b04e12663d608cf0a8da68422a9353c6-300x272Last week’s Climate Change Action March in New York City was a phenomenal success showcasing just how many very motivated brilliant leaders can build a coordinated effort.  In the wake of the worlds largest Environmental Action of all time criticism has aroused about garbage left on the parade route. Having reduced waste in large public venues and events reading these ideas has spurred the following response:

We all agree that the dominant paradigm has to shift. On Sunday I started at the front of the March, followed leaders to 42nd Street, then walked backwards through the march to the end.  I saw an fairly clean route, due in no small part to the lack of garbage cans. Knowing that wherever a garbage can is plunked a pile of garbage evolves and that a recycling can may help with source separation it doesn’t address the root cause, unecessary objects carried by people who don’t understand why they carrying them. We’ve been marketed to learn to carry water bottles, paper napkins, pudding cups with foil tops, throw away forks, a plastic disposable bag to put our several bags of diverse snack food in. This holds true whether at the Clearwater Great Hudson River Revival or a Yankees Game.

The underlying need is to reteach ourselves that in most circumstances we can go 4 hours with out a drink of water. When needed we can carry water in a reusable container. Places this would be appropriate would be a hike through the wilderness, a long bike ride in the country, or a trip into outerspace.  Urban centers have many businesses including restaurants who should and do support causes as important as finding solutions to Climate Change Calling upon them to welcome marcher who have been overcome by thirst to sit and have a cool glass of water. While the calls to action in this march are varied the central theme is that we all need to pull together, or perish.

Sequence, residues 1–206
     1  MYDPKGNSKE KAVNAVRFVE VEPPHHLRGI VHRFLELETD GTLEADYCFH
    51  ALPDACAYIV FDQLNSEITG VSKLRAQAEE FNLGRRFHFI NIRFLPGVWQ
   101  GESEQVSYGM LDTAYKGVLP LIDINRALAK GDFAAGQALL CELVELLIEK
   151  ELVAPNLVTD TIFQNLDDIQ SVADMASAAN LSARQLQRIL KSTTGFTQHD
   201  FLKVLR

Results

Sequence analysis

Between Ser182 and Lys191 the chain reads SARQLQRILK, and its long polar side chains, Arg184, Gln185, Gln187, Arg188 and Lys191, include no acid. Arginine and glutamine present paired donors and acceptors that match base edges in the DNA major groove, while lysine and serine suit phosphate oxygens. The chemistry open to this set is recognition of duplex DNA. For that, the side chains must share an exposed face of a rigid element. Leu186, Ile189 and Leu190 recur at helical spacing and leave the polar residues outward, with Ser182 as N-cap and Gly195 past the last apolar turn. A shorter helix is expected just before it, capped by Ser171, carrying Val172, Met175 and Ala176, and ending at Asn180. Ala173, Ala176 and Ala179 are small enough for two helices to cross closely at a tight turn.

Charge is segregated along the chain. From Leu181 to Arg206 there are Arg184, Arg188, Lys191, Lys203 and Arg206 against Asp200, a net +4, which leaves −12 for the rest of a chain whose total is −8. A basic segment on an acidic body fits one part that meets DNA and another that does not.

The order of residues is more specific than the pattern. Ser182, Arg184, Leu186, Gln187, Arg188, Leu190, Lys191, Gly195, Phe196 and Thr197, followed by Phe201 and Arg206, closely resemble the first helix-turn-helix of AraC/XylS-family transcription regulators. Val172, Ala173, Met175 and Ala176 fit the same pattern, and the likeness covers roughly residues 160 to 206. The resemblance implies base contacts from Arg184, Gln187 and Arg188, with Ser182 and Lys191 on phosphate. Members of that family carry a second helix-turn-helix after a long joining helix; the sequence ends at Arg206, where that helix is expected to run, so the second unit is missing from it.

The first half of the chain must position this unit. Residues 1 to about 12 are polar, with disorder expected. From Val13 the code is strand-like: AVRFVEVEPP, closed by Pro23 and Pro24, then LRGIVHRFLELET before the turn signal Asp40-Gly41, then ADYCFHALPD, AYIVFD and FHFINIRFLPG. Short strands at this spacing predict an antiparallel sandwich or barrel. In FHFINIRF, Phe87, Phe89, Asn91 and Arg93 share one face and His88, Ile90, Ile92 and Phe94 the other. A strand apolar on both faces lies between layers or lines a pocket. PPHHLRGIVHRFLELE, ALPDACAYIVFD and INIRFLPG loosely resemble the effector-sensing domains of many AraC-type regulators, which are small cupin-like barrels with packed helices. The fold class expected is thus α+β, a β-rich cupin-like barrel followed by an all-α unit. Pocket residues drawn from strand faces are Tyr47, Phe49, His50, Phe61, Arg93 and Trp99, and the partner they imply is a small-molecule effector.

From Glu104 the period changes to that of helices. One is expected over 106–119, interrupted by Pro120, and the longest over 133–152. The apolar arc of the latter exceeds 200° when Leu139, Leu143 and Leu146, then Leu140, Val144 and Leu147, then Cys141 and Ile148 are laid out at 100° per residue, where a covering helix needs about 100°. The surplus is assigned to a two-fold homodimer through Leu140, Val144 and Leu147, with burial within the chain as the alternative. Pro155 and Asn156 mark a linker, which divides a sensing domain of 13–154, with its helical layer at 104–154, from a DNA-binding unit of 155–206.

If you’ve ever organized a big event you know my proposal above sounds preposterous. If you’ve ever been on the financial side of a big event you know how compelling the selling of water by the bottle can be. It is time to bite the bullet, provide for free what is a basic human need. Your parents did it, your grandparents did it, and I did it.  Lived in a world without water bottles. We more than survived and thrived, we knew when we were thirsty because we were allowed to experience thirst. We were more resilient and didn’t waste as much time seeking fluids we didn’t need.

I’m officially throwing down the gauntlet for all green events and festivals.

Give the people water.